Something was extra special about the Extravaganza this year. It might have been the amazingly warm weather or maybe the fish that were caught. For the first time I can remember it took a fish weighing over a pound to even get on the board. Usually fish that size are on the top 50. And just the number of walleyes coming in was good to see.
I was lucky enough last weekend to be asked to go to the first "Fear the Spear" get together. The event was held near Garrison, where fishermen could go to any area lake and spear for pike and rough fish. Growing up sitting in a spear house all winter long, this really brought back memories even though I haven't thrown a spear in 25 years. I think spearing is either a love it or hate it thing, and if it's in your blood you will miss it. One of the things that I think is pretty cool is unlike all other types of fishing that are evolving every day, spearing has remained very primitive.
Now that my spur of the moment trips out west are over, at least for eight months or so, it is back to ice fishing. I know it sounds like a broken record, but there are still lakes with as little as 8 inches of ice—hard to believe with the cold snaps we've had. The little bit of snow is just enough to insulate it.
The third time is the charm. You have no idea how happy I am to be able to use that phrase instead of the alternative—three strikes and you're out. Last week, while arctic air was covering Minnesota, I got a chance to go somewhere a little warmer, actually about 60 degrees warmer. Where else but Montana, and what else but chasing elk.
I seem to see a lot of people on social media complaining about anglers keeping too many fish or frying up ones that are too big. And, on the other hand, everyone is wondering why they can't catch trophy fish. Remember all the old black and white photos with huge fish that grandpa caught wearing that funny looking fishing hat. Or that old mount on the wall of the cabin of a huge walleye that used to be plentiful in Minnesota lakes.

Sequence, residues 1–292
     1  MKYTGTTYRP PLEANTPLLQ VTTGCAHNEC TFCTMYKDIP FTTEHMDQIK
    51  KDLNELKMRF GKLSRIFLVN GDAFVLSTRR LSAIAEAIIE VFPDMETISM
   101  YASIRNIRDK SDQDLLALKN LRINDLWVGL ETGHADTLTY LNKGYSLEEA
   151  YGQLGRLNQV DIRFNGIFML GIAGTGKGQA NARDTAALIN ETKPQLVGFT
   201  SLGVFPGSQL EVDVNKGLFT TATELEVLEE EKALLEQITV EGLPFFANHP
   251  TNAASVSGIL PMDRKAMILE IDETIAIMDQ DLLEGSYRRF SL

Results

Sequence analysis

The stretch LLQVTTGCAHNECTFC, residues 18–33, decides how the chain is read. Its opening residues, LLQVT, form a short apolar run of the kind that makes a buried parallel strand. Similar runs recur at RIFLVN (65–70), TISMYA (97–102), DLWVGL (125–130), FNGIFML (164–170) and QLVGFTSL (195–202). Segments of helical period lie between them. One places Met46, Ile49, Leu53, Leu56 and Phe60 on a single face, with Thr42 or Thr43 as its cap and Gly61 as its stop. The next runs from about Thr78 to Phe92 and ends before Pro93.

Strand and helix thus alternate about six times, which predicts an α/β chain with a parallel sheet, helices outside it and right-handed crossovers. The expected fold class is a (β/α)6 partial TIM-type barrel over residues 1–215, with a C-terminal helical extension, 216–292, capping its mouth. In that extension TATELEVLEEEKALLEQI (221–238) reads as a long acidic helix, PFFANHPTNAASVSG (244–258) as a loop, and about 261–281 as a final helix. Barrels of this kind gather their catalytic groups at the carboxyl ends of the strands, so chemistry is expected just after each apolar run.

It's hard to believe Christmas is behind us and we still do not have safe ice on many lakes. Although we do have a few spots with walkable ice, this does not mean you should try to drive a minivan out there. Yes, that actually happened last weekend on North Long.
You can sure tell it doesn't take long for Minnesota anglers to go crazy when there is no ice to fish on. The only thing people are talking about is Red Lake. Even last weekend when I was working at Cabelas in East Grand Forks everyone there was heading to Red. But after a slight shift in the ice this week, which mainstream media blew up into a huge rescue of over 50 anglers, even Red seems to be unsafe. By the way, the huge rescue you all heard about was actually nothing at all. The truth is the ice opened a small crack, the fishermen walked a few hundred yards around it and got off safely.
As we are rolling up to mid December it is hard to believe that there are more boats out fishing than ice fisherman. At the time I am writing this, it is raining. That will surely ruin what ice we did have. There are even walleyes being caught on Mille Lacs for the few that haven't put their boats away yet. A few eager anglers have been going to Red Lake and catching a few walleyes and even an occasional crappie. But just a little further north Lake of the Woods is completely open. Sooner or later it will happen, we will get ice.
As muzzleloader season wraps up with no big bucks in sight and another waterfowl season is coming to a close, at least we have ice fishing. OK, so we almost have ice fishing. With a good start in the ice, the warm weather has taken its toll this week and in the upcoming forecast. Some ice fisherman had to be rescued on Red Lake when a crack opened and a 15-foot gap opened on Thursday. It is not time to venture out yet if you ask me. With the recent snow, the little ice we had is insulated, and even though it might look safe, it isn't. But it is time to start thinking ice fishing.
On my way back to Minnesota this week one thing was for sure—it's hard to leave the mountains. Although we only came home with another mule deer, the trip, I feel, was still a success. Especially for my first year on a self-guided hunt on public land. We were quite shocked when we arrived in Deer Lodge to find the snow had melted a few days before we got there. I was really hoping for snow so the elk would be coming down to lower elevations, but ... oh well.